By the content, it is safe to assume the authors were Protestant. However, their objections were not necessarily aimed towards a particular religion, but rather they were objecting to the misuse of spiritual position and authority for political and economic purposes. If the Manifestos were written today, they would be different and address other issues. However, when these works were published, the criticisms were made within the framework of a particular era.

The Manifestos created a tremendous stir and excitement among the intellectuals, alchemists and Royalty of Europe. To appreciate the impact of the Manifestos, we must remember the environment of the time: the gloomy middle ages with its black death had recently ended, tales of the new land across the ocean opened vistas of imagination, a new Aurora seems to dawn upon the horizon. Humanism speaks of the integrity of the individual. The Renaissance is an explosion of creativity and aspiration. The hidden speculative philosophies of the middle ages, kept secret by the Kabbalist, magician and alchemist, were finding a tentative freedom in a new atmosphere of inquiry.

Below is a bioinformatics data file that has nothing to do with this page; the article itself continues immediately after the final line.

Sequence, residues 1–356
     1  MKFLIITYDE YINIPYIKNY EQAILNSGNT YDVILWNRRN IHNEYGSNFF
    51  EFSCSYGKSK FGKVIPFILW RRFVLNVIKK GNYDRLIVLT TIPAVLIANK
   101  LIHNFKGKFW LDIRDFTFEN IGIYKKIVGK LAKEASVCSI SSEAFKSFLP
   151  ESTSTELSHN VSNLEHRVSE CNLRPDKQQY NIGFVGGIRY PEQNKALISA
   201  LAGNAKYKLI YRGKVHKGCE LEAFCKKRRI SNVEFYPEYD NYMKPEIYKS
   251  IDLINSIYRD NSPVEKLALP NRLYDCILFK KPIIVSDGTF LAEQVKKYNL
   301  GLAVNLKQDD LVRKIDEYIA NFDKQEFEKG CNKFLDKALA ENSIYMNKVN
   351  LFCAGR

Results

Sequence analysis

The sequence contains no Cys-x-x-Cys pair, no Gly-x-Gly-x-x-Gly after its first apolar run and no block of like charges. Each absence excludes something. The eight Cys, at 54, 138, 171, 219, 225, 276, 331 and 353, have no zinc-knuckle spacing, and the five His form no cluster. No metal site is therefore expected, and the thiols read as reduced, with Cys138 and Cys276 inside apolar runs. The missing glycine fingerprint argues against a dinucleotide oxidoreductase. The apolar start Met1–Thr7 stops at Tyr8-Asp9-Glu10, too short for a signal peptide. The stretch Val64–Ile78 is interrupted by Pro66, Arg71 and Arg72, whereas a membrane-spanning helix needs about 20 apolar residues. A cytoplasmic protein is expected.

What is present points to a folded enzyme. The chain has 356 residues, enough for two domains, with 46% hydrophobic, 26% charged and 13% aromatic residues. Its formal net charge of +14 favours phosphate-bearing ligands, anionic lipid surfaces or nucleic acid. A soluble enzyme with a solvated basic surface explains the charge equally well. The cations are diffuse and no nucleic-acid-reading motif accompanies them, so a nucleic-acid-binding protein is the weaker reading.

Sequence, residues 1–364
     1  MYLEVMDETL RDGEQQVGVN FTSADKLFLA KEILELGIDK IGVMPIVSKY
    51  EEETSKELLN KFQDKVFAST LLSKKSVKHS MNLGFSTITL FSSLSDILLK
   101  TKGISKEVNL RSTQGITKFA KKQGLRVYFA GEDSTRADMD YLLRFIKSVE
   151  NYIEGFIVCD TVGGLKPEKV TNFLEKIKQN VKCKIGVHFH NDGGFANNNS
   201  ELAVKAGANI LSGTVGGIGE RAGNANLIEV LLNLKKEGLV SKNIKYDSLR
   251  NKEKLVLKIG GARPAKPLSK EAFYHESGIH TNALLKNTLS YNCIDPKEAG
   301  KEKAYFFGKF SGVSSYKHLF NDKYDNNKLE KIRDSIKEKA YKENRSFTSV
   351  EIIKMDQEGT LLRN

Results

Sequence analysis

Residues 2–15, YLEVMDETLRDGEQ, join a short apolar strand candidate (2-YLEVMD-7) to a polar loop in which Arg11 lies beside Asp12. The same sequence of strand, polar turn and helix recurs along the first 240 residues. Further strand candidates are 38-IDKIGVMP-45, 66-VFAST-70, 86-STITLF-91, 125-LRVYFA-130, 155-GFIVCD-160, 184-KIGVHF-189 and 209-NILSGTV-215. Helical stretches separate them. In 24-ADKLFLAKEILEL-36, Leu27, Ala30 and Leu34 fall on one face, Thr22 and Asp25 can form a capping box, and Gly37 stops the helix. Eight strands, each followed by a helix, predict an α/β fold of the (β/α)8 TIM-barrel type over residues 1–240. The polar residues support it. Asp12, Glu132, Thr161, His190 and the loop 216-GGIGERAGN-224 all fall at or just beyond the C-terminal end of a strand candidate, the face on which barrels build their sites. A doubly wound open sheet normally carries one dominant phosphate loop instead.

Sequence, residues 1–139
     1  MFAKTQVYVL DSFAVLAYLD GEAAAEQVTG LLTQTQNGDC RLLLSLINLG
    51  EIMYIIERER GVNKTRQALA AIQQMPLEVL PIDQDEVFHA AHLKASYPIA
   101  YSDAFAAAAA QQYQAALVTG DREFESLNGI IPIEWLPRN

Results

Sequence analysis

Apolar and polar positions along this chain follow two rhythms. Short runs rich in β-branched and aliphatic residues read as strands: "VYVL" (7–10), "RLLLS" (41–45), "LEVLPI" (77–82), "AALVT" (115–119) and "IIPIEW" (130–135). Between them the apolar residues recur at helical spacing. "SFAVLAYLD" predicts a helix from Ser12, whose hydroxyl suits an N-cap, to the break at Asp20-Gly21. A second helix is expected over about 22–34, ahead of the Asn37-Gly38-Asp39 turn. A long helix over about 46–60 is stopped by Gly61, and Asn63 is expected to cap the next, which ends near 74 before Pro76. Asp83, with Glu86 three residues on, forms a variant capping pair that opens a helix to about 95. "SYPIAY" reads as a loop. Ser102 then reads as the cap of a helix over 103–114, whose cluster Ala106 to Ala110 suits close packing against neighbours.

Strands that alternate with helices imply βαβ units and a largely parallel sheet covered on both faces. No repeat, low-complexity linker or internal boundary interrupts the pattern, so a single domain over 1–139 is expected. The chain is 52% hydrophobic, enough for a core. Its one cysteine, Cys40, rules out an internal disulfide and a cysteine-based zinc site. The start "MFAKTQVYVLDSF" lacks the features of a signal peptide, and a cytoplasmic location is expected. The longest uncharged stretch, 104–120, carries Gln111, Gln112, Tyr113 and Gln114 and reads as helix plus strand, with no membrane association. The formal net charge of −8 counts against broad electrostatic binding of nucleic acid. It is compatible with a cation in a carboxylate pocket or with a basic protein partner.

The Holy Roman Empire which was heretofore the unifying factor of Europe, was losing its grip. It had suffered the great schism and was splintered by the Reformation. Political and religious issues now forged a different unifying force, and consequently the power of church and state as one became threatened. As calls for religious reform bellowed across the continent, religious issues themselves became political tools in the redistribution of wealth.

The success of Martin Luther—whose symbol by the way was a red rose and cross—is attributed greatly to the printing press. The printing press allowed him to translate the Bible into German, thus creating an immense national pride, and also allowed him to post his 95 Thesis. Not only was Germany the birthplace of the Reformation, but it was also a major center of the new intellectual excitement where past molds were challenged with new ideas.